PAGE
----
Adhesives Magazine

Ask Dr. Dave

June 1, 2008
In his June 2008 column, Dr. Dave discusses label adhesives and the history and chemistry of anaerobic adhesives.

Question: We seek a pressure-sensitive, peel-off label adhesive that will adhere as permanently as possible to the back of various types of carpet where surfaces could be polypropylene (mostly), jute, natural rubber or SBR backings. Currently, hot-melt adhesives dominate this application, but they require application heat equipment and are also very labor intensive. What do you recommend we use?

Answer: Although hot melts are very effective for this type of application, I do agree that investment in equipment can sometimes be cost-prohibitive. I would suggest that you investigate water-based pressure-sensitive adhesives for this application, but please remember that although application equipment for this type of adhesive can be relatively simple and low cost, there may still be an investment required for drying the adhesive after application. Ask adhesive suppliers for samples of EVA-based adhesives so you can get alternatives that will have varying degrees of tack and tensile strength. If your volumes are large enough, the suppliers can offer you advice on modifying their basic emulsions so you can formulate your own adhesive.

Question: I work for a large paint company. I recently ran across an adhesive that claims to cure in anaerobic conditions. Could you explain how this chemistry works?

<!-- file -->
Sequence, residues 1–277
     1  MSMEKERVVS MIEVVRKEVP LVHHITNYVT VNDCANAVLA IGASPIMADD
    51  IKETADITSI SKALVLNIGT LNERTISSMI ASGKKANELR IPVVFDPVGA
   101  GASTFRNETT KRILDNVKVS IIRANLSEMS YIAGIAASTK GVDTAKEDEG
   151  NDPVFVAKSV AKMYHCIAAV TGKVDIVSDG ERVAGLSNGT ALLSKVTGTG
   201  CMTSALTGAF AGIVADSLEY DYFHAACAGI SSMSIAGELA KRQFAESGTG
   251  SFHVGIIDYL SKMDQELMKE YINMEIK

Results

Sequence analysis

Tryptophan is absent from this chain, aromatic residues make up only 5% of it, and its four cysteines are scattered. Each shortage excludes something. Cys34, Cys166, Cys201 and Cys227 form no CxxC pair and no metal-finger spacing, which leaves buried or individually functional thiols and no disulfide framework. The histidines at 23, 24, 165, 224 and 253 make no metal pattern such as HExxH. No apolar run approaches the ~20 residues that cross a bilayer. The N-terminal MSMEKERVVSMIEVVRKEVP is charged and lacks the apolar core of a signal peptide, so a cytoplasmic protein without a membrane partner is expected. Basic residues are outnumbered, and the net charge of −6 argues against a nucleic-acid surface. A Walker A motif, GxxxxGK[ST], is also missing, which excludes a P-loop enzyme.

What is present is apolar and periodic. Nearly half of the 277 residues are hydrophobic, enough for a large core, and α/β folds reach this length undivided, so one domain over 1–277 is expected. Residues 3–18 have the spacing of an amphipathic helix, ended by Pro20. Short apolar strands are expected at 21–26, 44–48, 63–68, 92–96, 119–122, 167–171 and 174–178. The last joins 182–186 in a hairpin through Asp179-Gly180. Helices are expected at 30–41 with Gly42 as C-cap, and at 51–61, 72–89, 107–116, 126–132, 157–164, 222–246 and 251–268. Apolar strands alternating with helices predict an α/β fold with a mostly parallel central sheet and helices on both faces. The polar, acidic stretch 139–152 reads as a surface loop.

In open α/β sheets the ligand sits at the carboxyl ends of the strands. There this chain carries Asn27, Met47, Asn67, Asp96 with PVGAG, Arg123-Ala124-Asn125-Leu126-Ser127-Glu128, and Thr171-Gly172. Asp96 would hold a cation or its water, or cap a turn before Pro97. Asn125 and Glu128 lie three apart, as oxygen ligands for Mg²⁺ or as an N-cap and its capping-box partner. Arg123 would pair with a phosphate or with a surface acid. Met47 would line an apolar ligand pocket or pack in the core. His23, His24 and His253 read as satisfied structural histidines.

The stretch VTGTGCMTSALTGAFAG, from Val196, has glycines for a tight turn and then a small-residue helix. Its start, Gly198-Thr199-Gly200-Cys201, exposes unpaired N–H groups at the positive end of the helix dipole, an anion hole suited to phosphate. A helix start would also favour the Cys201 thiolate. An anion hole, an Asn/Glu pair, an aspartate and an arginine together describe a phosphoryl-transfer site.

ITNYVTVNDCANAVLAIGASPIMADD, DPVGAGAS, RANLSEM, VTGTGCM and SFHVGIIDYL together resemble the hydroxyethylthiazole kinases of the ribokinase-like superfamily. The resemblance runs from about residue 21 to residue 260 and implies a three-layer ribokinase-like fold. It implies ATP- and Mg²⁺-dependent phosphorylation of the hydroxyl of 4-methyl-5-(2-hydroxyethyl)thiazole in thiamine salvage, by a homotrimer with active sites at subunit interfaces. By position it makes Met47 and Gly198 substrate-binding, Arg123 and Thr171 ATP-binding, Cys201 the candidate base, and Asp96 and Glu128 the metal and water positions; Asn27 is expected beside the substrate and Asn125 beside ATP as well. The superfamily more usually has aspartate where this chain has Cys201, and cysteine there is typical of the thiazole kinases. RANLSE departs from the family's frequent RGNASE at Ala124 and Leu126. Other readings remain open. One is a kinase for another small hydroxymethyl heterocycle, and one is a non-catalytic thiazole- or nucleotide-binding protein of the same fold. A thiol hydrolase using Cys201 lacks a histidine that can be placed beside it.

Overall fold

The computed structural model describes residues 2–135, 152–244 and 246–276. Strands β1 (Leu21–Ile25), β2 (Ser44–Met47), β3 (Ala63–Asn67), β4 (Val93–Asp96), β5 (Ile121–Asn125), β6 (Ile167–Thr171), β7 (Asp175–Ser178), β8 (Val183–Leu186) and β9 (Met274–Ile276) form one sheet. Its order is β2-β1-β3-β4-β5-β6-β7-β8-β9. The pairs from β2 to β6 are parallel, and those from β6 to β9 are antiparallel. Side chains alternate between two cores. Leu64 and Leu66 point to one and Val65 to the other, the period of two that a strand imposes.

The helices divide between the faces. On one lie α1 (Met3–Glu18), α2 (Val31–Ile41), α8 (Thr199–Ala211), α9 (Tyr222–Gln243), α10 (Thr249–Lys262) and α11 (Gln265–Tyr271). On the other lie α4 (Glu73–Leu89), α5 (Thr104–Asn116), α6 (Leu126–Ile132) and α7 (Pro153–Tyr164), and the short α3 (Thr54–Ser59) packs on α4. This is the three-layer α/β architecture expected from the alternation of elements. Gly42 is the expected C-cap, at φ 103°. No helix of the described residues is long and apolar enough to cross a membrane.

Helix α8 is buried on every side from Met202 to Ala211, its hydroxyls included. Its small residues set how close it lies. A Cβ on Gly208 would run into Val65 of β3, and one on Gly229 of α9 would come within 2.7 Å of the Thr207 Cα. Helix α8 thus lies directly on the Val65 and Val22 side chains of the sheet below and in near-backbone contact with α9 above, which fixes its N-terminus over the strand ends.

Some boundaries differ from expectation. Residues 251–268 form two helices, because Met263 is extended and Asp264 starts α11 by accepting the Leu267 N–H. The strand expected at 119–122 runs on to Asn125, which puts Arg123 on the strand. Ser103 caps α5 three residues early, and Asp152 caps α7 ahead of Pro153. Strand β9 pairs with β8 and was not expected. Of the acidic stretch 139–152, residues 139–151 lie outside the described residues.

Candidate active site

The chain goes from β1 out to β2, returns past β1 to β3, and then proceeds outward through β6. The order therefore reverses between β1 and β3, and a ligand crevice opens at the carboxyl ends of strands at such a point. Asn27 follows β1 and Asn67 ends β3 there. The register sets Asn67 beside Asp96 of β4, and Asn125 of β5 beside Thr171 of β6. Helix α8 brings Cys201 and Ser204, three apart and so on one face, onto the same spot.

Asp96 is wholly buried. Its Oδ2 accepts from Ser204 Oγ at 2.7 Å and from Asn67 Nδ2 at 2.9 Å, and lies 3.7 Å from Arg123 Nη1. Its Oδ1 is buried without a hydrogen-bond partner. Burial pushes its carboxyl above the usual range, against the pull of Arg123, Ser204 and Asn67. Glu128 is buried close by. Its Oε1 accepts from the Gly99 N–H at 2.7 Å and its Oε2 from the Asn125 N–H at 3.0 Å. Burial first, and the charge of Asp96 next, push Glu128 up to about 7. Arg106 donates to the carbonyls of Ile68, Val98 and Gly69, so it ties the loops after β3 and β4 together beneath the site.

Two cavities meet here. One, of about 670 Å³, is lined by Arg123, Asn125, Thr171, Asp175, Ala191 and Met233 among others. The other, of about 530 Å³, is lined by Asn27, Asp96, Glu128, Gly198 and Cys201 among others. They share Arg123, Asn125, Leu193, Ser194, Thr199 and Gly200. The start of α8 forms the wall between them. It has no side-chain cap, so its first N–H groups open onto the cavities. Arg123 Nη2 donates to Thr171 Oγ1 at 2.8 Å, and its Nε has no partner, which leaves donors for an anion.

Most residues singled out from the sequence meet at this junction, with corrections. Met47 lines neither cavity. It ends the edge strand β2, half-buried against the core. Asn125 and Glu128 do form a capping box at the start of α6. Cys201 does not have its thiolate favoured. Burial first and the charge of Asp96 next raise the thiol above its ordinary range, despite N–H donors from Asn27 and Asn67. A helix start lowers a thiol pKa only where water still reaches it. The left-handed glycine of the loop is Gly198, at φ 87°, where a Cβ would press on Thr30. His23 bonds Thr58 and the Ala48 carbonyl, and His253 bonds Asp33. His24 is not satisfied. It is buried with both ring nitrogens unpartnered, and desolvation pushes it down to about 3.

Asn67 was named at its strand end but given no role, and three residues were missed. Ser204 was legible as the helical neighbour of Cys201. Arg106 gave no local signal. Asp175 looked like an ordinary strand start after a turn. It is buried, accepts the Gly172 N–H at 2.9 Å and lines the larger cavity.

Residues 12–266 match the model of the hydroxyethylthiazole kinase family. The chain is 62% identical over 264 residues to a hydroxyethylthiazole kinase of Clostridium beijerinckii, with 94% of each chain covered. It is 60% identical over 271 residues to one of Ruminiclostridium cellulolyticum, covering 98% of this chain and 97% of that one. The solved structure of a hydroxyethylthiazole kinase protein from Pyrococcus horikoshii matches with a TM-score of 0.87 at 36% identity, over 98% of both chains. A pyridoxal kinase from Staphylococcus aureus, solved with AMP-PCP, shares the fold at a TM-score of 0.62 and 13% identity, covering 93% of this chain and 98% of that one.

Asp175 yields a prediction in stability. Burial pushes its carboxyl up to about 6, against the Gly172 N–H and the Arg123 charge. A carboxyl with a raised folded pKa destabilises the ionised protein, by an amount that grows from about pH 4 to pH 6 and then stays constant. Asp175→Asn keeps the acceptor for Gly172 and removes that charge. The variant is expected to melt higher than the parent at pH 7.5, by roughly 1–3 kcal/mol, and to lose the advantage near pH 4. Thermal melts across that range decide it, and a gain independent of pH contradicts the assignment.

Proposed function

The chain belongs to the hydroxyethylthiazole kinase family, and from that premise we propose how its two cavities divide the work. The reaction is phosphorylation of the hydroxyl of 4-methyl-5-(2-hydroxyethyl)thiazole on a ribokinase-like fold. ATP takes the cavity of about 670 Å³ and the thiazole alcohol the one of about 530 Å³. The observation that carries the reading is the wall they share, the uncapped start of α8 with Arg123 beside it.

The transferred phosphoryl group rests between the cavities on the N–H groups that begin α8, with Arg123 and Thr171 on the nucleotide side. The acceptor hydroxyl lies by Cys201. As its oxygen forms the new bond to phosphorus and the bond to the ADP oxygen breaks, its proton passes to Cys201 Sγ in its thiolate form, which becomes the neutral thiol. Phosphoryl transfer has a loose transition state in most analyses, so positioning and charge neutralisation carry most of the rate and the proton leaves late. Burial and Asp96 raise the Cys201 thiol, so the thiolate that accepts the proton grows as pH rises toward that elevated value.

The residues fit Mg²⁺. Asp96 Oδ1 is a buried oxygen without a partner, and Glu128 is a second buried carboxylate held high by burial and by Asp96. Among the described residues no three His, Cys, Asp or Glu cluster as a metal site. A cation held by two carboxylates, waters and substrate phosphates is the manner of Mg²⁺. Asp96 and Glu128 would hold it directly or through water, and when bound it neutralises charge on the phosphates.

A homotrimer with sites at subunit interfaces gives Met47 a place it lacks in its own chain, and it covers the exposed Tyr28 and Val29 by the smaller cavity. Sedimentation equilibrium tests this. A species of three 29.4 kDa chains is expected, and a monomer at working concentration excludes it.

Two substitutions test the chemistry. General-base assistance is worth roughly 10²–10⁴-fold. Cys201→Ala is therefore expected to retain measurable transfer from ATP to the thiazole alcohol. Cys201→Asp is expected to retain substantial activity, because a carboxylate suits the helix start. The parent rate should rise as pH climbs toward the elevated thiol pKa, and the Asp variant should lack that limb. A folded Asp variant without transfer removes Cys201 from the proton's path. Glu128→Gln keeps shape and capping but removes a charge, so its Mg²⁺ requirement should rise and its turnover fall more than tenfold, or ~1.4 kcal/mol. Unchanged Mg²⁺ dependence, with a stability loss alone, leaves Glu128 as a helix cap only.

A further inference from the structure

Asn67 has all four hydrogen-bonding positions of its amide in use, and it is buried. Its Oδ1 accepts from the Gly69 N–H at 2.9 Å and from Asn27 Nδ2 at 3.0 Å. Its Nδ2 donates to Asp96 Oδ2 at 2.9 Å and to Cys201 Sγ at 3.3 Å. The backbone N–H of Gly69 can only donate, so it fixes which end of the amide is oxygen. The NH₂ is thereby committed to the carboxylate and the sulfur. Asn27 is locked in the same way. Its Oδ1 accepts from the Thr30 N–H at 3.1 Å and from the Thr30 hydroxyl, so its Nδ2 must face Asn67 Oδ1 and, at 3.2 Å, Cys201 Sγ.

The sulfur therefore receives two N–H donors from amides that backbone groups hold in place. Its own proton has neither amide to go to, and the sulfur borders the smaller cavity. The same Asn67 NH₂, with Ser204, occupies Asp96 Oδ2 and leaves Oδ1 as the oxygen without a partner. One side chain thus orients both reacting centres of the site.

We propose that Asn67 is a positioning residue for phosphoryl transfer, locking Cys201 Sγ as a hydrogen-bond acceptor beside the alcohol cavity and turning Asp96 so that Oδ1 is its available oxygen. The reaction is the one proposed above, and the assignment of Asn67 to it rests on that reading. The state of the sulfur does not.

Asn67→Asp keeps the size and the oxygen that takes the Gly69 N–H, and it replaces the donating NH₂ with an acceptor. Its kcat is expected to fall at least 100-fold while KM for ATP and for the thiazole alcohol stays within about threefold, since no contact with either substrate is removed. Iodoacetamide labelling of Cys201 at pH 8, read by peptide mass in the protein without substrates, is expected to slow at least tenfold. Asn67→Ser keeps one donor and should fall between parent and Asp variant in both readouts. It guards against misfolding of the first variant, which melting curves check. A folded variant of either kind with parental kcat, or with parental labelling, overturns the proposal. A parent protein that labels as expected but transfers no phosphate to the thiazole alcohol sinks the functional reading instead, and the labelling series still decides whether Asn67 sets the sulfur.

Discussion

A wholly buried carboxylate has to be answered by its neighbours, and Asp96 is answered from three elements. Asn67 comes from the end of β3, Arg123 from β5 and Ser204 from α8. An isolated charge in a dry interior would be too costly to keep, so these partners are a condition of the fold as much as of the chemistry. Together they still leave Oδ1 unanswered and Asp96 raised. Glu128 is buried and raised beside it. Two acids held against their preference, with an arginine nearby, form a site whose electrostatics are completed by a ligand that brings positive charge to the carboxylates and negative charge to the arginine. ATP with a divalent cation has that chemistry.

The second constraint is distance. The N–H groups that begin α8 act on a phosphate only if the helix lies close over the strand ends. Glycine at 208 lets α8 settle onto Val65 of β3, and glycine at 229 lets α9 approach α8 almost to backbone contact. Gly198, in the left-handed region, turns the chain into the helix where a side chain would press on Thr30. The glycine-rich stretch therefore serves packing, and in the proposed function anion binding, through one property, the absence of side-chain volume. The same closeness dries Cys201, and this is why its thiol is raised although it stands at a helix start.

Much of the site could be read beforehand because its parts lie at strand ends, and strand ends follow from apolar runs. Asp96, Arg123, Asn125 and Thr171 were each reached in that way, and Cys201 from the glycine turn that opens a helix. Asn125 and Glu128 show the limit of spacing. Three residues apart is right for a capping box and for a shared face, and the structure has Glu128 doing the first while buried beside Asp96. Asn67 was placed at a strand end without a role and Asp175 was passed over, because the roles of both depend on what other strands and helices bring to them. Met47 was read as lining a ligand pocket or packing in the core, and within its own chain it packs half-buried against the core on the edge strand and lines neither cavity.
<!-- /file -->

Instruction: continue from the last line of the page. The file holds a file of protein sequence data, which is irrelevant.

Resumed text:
Answer: The adhesives you refer to are commonly known as “anaerobic” adhesives. Originally invented by Drs Vernon and Robert Krieble (the founders of Loctite Corp.), they are based on catalyzed mono and difunctional methacrylate monomers that remain stable in the presence of atmospheric oxygen but cure to a solid polymer via a free-radical curing reaction when placed between two surfaces. The initial application for these adhesives was as liquid threadlockers to stop vibration loosening of fasteners, but they are also used as adhesives, liquid sealants and form-in-place gaskets. As a paint chemist, the easiest way for you to understand them is to regard them as the direct opposite of an air-drying alkyd paint. With the paint, you package it in an airtight can and it cures when exposed to atmospheric air on a surface. In contrast, an anaerobic adhesive is packaged in a half-filled LDPE bottle (to maximize the stabilizing effect of oxygen). If placed on a surface, it remains liquid indefinitely; when confined between two surfaces where oxygen is excluded (oxygen is a free-radical stabilizer), it polymerizes to a solid polymer.

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